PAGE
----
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Tribeca 2021: “The Price of Freedom”


Rating: 4 out of 5.

While the world battles against COVD-19, the United States of America faces the most dangerous enemy it seemingly cannot defeat – the second Amendment. An enemy which brings more blood to the street through constant mass shootings every other day. It’s almost like an unfortunate tradition nobody knows how to put an end to. It’s the price of freedom the deceased should pay for someone’s right to bear a lethal gun. So the question is – is it really worth it?

Director Judd Ehrlich touches upon the most painful subject matter, bringing up the corrupt nature of the National Rifle Association known as NRA and its impact on politics, politicians and day to day life of Americans. As you watch the documentary, you can see why owning a gun boosts ego, makes one feel like a macho, while gun violence spreads worse than any virus. The film provides an interesting and insightful interview of people whose lives were personally touched by gun violence. Whether it’s Rep. Gabby Giffords, Sen. Chris Murphy, President Bill Clinton, X González, Nicole Hockley and more, you won’t be tired of getting details that will, trust me, shock you to the core.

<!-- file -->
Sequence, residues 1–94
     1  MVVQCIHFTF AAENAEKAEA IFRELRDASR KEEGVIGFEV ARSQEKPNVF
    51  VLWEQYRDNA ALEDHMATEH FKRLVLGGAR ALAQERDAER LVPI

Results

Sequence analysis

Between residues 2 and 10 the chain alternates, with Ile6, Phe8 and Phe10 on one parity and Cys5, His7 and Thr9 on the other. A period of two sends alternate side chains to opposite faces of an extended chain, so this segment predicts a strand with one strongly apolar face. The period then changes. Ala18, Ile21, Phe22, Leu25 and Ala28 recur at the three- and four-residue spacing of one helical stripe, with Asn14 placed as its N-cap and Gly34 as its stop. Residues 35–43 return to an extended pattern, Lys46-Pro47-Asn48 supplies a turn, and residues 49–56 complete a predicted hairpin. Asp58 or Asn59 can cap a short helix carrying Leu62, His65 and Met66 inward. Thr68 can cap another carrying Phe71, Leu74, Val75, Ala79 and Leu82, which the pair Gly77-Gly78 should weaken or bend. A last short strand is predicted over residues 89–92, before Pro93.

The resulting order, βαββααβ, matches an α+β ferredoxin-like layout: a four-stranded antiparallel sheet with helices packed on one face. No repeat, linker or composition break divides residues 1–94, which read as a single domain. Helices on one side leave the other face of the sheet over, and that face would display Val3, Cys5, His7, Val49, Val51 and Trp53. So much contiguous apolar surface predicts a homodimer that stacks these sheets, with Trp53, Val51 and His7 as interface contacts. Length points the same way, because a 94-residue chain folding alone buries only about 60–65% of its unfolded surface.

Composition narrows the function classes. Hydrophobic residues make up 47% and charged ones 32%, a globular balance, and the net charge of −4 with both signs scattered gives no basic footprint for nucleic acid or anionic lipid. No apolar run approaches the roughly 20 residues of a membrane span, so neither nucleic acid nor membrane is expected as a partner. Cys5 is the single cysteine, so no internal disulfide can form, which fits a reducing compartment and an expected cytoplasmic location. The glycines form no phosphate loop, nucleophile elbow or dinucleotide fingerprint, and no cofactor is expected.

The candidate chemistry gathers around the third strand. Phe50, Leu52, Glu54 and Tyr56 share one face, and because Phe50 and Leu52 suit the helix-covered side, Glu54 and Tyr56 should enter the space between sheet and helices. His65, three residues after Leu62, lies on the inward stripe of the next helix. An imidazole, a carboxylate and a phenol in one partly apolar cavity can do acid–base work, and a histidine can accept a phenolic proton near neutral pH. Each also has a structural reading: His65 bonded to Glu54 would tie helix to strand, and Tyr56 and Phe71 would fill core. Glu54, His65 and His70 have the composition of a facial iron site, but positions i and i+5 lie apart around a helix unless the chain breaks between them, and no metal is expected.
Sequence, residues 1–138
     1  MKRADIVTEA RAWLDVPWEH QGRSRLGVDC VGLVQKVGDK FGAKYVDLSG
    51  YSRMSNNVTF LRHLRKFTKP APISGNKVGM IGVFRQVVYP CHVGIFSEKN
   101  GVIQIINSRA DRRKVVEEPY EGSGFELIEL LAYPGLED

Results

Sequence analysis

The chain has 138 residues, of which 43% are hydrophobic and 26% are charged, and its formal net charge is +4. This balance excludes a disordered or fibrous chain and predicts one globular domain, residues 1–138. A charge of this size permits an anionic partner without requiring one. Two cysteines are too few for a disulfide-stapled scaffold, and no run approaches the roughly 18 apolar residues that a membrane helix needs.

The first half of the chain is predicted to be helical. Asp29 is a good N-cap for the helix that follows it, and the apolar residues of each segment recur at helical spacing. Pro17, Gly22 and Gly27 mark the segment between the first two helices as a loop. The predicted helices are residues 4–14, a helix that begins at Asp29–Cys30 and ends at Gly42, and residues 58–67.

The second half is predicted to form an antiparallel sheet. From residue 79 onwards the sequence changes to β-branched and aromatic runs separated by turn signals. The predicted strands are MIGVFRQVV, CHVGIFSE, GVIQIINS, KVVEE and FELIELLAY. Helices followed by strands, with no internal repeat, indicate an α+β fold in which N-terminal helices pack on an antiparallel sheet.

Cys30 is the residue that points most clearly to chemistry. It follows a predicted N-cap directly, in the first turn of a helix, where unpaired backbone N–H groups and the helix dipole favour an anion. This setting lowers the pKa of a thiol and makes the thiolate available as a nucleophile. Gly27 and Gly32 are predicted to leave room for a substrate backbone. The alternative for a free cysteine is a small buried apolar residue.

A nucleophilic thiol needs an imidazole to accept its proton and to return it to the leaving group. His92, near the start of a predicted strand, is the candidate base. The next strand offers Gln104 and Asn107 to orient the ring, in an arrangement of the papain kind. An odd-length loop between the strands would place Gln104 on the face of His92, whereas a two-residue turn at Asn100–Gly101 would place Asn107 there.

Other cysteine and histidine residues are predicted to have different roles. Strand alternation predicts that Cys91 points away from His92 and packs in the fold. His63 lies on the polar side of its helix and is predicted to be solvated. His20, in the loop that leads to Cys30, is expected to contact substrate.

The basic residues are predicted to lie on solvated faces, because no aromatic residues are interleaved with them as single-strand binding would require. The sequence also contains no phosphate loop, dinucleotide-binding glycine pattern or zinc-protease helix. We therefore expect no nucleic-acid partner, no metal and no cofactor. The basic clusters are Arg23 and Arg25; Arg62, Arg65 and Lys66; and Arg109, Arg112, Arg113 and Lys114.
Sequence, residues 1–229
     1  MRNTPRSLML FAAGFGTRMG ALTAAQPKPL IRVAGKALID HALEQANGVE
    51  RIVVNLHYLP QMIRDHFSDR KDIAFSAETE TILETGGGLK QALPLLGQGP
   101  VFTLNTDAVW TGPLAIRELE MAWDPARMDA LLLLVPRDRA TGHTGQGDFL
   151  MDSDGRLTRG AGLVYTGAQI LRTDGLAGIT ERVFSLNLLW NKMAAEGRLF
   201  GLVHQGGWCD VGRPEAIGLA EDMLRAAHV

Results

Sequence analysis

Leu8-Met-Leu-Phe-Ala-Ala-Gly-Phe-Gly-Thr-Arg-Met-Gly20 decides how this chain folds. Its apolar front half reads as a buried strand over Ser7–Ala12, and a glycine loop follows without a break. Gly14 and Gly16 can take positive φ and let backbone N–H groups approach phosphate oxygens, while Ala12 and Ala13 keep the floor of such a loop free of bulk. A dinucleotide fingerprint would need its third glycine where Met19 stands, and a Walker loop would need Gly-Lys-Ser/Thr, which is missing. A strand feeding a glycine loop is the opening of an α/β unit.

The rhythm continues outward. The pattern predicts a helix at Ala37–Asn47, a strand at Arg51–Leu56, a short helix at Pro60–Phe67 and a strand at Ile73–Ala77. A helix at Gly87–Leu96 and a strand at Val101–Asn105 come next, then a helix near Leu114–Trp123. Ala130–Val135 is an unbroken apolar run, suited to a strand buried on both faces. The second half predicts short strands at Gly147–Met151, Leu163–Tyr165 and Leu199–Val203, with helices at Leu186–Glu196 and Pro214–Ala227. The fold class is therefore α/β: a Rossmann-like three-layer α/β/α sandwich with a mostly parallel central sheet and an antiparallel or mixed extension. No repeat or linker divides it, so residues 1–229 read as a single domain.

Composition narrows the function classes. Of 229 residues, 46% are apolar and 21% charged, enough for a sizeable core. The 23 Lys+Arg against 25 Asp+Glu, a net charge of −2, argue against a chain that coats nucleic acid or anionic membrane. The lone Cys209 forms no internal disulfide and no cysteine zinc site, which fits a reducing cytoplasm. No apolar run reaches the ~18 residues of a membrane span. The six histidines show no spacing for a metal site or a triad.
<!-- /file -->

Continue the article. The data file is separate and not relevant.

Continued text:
“The Price of Freedom” is one of those documentaries that won’t offer you an easy walk. It’s a harsh pill to swallow. It highlights the most disturbing elements of the NRA and how it would manipulate the people’s minds by throwing on them the only thing that makes feel them powerful – guns. It’s powerful and eye-opening, but yet another piece that sadly won’t make a difference on a large scale. It shows a deeply disturbing culture in the United States where the price of life or price of freedom is measured in terms of guns and the ability to kill. It’s that killing approach that makes Judd Ehrlich’s piece so intense and informative. Hopefully, it can make difference, albeit a small one today, but a bigger one in the long run and for a brighter future.

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